The scatter curves for the individual light curves were calculated as in the case of HT Cas. The resulting mean curve is shown in Fig. 4c. The average error of the data points of 0.064 is shown in the lower right corner. The eclipse is similar to that observed in HT Cas but - due to the much larger number of individual light curves and the absence of the problems with the steep eclipse ingresses and egresses - much better defined. In particular, the scatter eclipse is coincident with the white dwarf eclipse and definitely narrower than the disk eclipse. Thus, also in this system the flickering light source is located very close to the white dwarf while the outer parts of the accretion disk to not take part in the flickering to a perceptible degree.
In contrast to HT Cas, however, the scatter curve shows evidence that flickering occurs also to a certain degree at the location of the impact of the transferred matter onto the accretion disk: the scatter is clearly elevated at the phases when the orbital hump is visible. This is formally confirmed by the standard deviation of 0.080 of a Gauss fit to the histogram of the out-of-eclipse data points which is larger than their average mean error of 0.064. This hot spot flickering can also explain the apparent slight asymmetry of the scatter eclipse: it remains visible for a short time even after the white dwarf is already eclipsed, causing a slightly more gradual eclipse ingress, but is invisible when the central star emerges from the eclipse, explaining the steeper scatter eclipse egress. This behaviour of the flickering in V2051 Oph is identical to that of Z Cha during quiescence as measured by Bruch (1996).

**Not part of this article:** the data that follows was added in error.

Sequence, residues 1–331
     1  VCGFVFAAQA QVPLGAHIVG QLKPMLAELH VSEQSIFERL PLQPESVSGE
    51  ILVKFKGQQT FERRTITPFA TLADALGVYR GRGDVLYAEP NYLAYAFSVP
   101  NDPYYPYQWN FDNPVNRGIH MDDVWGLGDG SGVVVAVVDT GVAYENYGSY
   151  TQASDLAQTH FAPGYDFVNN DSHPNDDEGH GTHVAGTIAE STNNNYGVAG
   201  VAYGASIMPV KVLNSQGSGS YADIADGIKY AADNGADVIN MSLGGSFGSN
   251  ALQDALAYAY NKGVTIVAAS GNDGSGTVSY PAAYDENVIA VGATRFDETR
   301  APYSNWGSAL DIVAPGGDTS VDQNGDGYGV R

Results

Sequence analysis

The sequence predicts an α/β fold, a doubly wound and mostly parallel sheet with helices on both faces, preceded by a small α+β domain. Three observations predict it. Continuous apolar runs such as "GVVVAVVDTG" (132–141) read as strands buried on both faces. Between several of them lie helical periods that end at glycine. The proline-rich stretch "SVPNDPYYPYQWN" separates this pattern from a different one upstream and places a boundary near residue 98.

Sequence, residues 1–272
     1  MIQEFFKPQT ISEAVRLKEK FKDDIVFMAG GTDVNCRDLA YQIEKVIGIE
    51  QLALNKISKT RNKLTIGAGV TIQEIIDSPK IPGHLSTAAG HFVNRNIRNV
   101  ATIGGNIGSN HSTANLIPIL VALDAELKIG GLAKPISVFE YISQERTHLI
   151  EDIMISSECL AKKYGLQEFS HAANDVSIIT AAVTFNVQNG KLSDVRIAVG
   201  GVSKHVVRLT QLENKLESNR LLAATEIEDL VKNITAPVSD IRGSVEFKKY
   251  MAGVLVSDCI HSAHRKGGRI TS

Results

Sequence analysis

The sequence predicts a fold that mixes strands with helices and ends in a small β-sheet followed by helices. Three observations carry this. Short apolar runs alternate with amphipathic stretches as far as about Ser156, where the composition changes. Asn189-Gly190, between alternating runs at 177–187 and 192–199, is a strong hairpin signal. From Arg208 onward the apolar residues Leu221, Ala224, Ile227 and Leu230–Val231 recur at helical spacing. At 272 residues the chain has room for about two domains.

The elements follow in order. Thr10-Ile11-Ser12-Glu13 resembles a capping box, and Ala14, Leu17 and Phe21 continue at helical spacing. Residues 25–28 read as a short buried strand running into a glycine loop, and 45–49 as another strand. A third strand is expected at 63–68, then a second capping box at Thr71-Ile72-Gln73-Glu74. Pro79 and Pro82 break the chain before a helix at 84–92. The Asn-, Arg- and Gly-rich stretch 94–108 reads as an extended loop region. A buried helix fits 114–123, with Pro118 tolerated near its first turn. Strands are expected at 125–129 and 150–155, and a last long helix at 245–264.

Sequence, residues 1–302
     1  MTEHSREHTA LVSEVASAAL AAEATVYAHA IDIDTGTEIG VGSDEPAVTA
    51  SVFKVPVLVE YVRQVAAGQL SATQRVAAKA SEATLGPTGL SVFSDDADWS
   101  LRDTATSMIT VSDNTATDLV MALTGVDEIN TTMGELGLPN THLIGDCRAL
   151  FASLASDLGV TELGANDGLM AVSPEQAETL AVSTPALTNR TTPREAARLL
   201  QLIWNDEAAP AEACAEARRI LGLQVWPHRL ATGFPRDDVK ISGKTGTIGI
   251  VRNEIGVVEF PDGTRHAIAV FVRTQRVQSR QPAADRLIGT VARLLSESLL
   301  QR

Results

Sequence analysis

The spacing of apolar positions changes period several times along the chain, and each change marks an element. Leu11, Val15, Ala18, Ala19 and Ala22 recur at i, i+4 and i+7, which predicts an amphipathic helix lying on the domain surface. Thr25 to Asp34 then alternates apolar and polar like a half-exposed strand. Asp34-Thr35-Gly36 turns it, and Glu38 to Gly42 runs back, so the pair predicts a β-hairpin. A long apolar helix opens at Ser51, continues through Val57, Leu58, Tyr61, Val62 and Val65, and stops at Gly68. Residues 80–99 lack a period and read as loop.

The present results are in excellent agreement with those of Warner & Cropper (1983). They concluded "that in V2051 Oph the flickering is probably in general generated in the inner disk region with only a minor contribution from the hot spot".
4.3. IP Peg
The light curves of IP Peg differ strongly from those of HT Cas and V2051 Oph. As an example the B light curve (Stiening system) of 1992, November 27, is shown in Fig. 5a. It is dominated by an exceptionally strong hump which reaches a peak flux approximately three times as high as the flux at phase where the hump is invisible. The eclipse is characteristically structured: A steep part of the ingress caused by the white dwarf ingress is followed by a more gradual part due to the hot spot ingress. Unlike in the classical SU UMa systems OY Car and Z Cha, however, white dwarf and hot spot ingress cannot be separated. The white dwarf egress is in most cycles discernible as a discrete step in the light curve. Somewhat later a second step marks the egress of the hot spot.